I see you looking at me as I herd my handful of kids into the supermarket. I know that reaction well. It usually goes like this: the eyebrows raise, then the eyes look down, and then either a silent whistle or a chuckle to oneself. The body-language reflects the other all-too-common and maddening comments:
“Better you than me.”
“You got your hands full.”
“You’re a busy woman.”
All of them are wrought with sarcasm, and I never understand how a passer-by would find these things helpful to say. Are they trying to evoke some sympathy?
Listen. I don’t want your sympathy. I don’t say this out of anger or defensiveness, waiting to pounce on the slightest good intention and label it as misguided. I REALLY don’t want or even need your sympathy. And you know why?
Because I am actually happy.
It was completely unexpected for me too.
It may surprise you, but I never envisioned having a large family. I don’t consider myself someone who is particularly good with little kids. I used to be completely ambivalent about motherhood. Sure, I wanted to be a mom. I guess. Someday. But here I am, four children in tow, and you may be feeling sorry for the plight of my overburdened, frazzled, lost sense-of-self life.
Even though I may look less than graceful as I guide my darling little strong-willed versions of myself through the aisles, I am ultimately happy with my lot in life. The scene at the supermarket may be intensely chaotic, but I have some other more peaceful moments in my day. Don’t feel sorry for me. Really. It turns out I am actually quite happy.
But do you know what I feel sorry for?
I feel sorry that motherhood is considered merely a side show of a woman’s talent and education.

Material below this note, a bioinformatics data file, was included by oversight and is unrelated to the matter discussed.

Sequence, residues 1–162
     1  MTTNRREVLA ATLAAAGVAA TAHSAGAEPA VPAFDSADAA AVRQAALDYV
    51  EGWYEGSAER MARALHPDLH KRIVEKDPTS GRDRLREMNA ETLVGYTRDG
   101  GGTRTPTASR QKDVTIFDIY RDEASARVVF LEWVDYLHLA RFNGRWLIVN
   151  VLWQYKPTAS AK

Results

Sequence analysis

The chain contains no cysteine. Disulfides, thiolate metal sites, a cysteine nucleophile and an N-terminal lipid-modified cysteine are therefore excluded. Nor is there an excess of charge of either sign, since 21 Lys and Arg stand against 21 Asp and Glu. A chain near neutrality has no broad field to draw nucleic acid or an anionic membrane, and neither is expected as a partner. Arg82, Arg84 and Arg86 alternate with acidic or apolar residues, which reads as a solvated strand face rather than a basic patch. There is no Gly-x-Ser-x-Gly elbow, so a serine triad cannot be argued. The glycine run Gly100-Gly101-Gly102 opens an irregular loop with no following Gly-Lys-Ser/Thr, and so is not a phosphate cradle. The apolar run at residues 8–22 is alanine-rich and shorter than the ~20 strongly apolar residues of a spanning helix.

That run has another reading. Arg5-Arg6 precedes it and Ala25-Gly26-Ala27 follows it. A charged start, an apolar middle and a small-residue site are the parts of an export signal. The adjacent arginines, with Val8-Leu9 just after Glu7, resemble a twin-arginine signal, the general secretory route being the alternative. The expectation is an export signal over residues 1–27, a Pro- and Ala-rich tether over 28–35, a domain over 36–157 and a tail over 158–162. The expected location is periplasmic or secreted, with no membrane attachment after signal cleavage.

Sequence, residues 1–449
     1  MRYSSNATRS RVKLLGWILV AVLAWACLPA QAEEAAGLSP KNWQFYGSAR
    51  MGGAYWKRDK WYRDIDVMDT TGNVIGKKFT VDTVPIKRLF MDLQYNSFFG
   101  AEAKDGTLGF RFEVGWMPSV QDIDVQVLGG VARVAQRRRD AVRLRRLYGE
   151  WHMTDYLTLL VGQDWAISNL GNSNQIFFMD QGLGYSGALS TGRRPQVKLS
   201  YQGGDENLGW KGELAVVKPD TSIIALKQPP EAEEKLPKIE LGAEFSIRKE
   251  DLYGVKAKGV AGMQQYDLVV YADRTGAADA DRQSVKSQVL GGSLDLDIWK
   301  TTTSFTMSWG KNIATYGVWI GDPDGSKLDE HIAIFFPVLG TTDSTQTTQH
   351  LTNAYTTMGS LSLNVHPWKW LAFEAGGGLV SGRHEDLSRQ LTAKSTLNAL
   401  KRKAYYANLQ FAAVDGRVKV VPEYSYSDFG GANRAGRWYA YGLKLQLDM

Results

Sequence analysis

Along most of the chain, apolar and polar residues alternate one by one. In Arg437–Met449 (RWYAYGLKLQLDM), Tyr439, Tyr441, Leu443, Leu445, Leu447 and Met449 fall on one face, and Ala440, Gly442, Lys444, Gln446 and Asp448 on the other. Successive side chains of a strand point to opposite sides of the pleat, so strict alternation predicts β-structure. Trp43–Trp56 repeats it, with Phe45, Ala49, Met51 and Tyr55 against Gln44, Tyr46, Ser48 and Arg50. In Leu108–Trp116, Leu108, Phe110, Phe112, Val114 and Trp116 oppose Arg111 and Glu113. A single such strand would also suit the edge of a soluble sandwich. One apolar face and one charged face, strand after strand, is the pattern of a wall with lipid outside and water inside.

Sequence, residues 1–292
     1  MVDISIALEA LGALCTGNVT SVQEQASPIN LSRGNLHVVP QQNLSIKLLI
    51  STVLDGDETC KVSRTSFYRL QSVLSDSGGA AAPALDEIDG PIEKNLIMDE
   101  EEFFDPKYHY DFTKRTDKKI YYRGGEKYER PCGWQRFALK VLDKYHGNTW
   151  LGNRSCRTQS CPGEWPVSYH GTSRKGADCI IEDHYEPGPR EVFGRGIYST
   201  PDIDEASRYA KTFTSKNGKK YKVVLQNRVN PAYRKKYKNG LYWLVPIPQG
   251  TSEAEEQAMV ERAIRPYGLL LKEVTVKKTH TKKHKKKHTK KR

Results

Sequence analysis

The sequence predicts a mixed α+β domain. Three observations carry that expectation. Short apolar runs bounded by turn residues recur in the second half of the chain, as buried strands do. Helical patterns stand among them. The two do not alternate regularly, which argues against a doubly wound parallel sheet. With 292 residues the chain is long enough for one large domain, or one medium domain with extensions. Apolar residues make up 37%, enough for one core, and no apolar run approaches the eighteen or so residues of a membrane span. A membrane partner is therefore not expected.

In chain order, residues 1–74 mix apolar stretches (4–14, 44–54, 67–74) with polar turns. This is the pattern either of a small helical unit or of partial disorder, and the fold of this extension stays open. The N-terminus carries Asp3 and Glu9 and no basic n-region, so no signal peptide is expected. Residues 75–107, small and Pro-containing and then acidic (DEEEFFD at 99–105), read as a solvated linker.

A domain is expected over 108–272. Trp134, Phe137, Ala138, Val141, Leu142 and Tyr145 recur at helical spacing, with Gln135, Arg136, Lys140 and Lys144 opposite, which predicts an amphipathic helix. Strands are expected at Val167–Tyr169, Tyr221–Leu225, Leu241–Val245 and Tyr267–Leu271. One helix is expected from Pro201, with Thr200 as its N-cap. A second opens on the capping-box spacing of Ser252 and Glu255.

I feel sorry that our children have become the next measure in the keeping up with the Jones’. No longer is merely a big home and fast car the signs of success. Now our kids’ academic load and athletic promise are lumped into the high stake game of comparing ourselves to others.
I feel sorry that any woman with more than two children spaced 2.5 years apart must be either a religious freak, uneducated, or both. I am sorry that for the sake of choice we have left women feeling so pressured to plan the perfect family, creating yet another measure of success to be compared.
I feel sorry that the high costs of a college education, owning a home, and day care have all bore an overwhelming fear in young couples looking to get married and have kids.
I feel sorry that there is a mentality that pervades our society, namely the equation that children = burden.
I feel sorry that I believed all these things for so long and completely overlooked the potential for joy in my life.
Because for all the responsibilities, worries, and frustrations that come with having kids, I have also experienced a whole new dimension to life’s purpose, and that happiness and love ultimately override the fears.
So please don’t feel sorry for me. I should not be the focus of your sympathy. And even if I may not exactly be smiling right at this moment, please know that I am truly happy.